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Saturday, February 25, 2012

Decapitation and Dismemberment

Cutting the head and limbs off a corpse is hard and messy work. It is almost always an afterthought, an act of desperation by the murderer to avoid capture by hiding the identity of the body or to facilitate its disposal.
Of course, there were cases where decapitation was part of a deranged killer’s psychotic obsession.  Joseph Lapage raped and murdered 17-year-old Josie Langmaid, who was on her way to school in Pembroke, New Hampshire in 1875. Then, for no apparent reason, Lapage cut off her head and carried it half a mile before dropping it in the woods.

More often, the head was removed to obscure the identity of the corpse. The killers of Pearl Bryan in Newport, Kentucky, in 1896, were accused of severing her head while she was still alive. Whether she was alive at the time or not, Pearl Bryan’s head was removed to hide her identity. The killers might have succeeded in this if they had thought to remove her shoes as well.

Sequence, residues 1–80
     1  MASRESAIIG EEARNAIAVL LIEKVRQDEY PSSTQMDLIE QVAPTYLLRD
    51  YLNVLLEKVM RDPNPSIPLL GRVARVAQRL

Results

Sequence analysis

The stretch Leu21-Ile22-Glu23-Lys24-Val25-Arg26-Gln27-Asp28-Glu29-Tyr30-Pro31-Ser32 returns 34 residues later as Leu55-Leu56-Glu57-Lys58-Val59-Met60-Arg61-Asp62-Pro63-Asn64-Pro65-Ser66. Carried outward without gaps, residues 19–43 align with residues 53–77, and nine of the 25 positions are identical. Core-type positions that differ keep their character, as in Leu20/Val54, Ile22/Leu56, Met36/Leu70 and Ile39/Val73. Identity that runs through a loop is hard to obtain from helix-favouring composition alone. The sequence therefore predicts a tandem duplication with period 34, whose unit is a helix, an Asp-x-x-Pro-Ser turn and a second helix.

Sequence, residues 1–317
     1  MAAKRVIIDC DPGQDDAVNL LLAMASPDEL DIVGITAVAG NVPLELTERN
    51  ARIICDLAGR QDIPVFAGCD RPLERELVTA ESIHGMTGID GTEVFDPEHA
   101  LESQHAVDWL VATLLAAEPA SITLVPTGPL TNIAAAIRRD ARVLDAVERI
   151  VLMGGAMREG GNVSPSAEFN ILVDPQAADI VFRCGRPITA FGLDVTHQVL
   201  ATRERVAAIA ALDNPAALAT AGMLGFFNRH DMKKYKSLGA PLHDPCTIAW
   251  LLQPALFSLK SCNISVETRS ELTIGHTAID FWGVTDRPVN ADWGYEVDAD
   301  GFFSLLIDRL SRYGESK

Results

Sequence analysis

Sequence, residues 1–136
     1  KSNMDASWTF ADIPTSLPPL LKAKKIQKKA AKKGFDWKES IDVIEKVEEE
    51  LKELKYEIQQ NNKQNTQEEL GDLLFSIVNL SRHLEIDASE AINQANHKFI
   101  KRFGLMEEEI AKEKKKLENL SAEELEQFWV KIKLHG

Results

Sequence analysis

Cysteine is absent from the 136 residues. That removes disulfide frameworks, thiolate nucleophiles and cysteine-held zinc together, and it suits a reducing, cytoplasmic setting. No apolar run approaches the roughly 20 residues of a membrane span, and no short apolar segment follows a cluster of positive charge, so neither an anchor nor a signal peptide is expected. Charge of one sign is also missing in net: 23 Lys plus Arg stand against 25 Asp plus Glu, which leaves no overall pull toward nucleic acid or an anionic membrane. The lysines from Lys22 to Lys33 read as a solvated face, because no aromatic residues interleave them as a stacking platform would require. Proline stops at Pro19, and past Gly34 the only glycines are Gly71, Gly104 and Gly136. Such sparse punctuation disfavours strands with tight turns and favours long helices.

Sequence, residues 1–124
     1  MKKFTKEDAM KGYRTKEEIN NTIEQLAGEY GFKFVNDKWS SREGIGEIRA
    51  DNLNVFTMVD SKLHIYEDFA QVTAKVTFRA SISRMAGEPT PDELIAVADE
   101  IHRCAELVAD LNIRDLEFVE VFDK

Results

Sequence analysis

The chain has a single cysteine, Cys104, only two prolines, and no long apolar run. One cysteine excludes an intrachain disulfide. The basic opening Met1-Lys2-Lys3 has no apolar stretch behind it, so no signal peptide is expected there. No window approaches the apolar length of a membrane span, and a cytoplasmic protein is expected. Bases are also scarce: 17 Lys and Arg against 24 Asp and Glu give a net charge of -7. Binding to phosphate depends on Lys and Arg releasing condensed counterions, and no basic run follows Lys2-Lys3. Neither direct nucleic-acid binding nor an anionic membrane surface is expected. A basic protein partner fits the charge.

The most common reason for dismembering a corpse was to make it easier to hide. In 1873, William Udderzook had to cut the arms and legs from the body of Winfield Scott Goss because tree roots in the Pennsylvania woods where the murder was committed, made it impossible to dig a grave long enough. He should have been worried about depth as well; the shallow grave could not hide the body from circling buzzards.

In 1849, Dr. John White Webster thought he could hide the body of Dr. George Parkman by cutting it into pieces and disposing of them in the privy of his Harvard laboratory. It proved to be less effective than he had anticipated.

The remains of Abijah Ellis were found inside of two barrels floating in Boston Harbor, in 1872—torso in one, head, arms, and legs in the other. It was never conclusively determined who put them there.

After murdering William Druse in 1884, Roxalana Druse and her family tried to dispose of his body by removing the head and limbs, cutting the body into little pieces and burning them in the kitchen stove, then disposing of the ashes in the swamp near their Little Falls, New York home. But she could not hide the thick, acrid smoke from the neighbors and Roxalana Druse was arrested for her husband’s murder.

In 1896, Adolph Luetgert took body disposal to a new level by dissolving the corpse of his wife, Louise, in a vat of lye in his Chicago sausage factory. Though he successfully eliminated Louise’s body, it was not enough to save him from conviction for her murder.


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